New York’s Metropolitan Transportation Authority received an international award for leadership in green bond finance.
Climate Bonds Initiative cited the MTA for the largest certified climate bond Tuesday at its third annual Green Bond Pioneer Awards ceremony in London.
The advocacy group recognized organizations, financial institutions and government bodies and individuals who have led the development of green finance and green bond markets in the past year.
On Sept. 19, Citigroup priced the New York Metropolitan Transportation Authority’s $662 million issuance of Series 2017B climate bond certified transportation revenue refunding green bonds, which included a retail component. Officials upsized the sale from $500 million.
“The MTA is encouraged to see a strengthening market for climate bonds,” said authority Chairman Joe Lhota. “Receiving recognition by the Climate Bonds Initiative for providing 9 million customers a day with efficient, low-carbon transportation acknowledges the MTA's successful efforts in being a leader in reducing greenhouse gases.”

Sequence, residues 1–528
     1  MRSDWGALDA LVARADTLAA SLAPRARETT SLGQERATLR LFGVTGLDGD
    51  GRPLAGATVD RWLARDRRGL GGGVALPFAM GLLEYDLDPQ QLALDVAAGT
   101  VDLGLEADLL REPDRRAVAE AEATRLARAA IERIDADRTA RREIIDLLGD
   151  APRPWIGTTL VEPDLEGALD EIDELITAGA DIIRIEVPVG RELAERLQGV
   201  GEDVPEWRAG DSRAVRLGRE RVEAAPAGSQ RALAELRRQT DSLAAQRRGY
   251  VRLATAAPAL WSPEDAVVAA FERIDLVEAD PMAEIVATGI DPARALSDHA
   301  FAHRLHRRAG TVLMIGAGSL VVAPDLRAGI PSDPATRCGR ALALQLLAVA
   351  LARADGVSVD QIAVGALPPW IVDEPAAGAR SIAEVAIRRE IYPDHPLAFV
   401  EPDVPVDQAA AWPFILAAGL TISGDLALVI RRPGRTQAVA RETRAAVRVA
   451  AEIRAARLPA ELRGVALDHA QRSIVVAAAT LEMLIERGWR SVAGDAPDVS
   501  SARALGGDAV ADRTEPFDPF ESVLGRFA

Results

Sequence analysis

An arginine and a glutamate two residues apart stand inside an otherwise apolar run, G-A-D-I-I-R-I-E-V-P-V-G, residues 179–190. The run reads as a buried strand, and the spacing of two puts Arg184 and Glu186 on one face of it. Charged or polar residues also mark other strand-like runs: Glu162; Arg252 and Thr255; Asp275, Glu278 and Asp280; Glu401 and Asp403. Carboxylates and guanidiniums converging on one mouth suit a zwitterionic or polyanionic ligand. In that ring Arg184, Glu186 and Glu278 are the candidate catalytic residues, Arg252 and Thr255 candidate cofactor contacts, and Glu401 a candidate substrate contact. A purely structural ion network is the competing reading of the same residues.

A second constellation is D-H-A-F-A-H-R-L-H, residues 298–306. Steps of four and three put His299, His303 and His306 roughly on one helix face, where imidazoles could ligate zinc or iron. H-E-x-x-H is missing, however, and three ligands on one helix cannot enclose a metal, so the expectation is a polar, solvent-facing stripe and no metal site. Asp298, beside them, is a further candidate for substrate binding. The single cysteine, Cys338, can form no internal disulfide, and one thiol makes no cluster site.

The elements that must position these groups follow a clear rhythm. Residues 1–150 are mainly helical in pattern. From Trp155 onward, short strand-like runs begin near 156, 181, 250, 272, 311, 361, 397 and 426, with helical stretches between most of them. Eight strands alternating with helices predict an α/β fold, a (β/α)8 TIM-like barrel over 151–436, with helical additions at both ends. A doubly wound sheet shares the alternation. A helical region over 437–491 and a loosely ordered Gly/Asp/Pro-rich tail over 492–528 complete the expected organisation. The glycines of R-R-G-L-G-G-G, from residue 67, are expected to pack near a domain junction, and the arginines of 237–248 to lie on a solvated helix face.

The issue was priced to yield from 1.25% with 4% and 5% coupons in a split 2021 maturity to 2.41% with a 5% coupon in 2028.
“The green bond designation definitely broadens the buyer base,” a trader said the day of the sale.
The MTA, a state-run authority that operates New York City’s subways and buses, two commuter rail lines and several intraborough bridges and tunnels, is one of the largest U.S. municipal issuers with roughly $38 billion of debt.
Massachusetts in 2013 became the first state to sell green bonds, modeling them after the World Bank's sale in 2008. Several states have since followed suit.
Among the multitude of mostly international winners was Fannie Mae, for the largest overall issuer to a trillion market.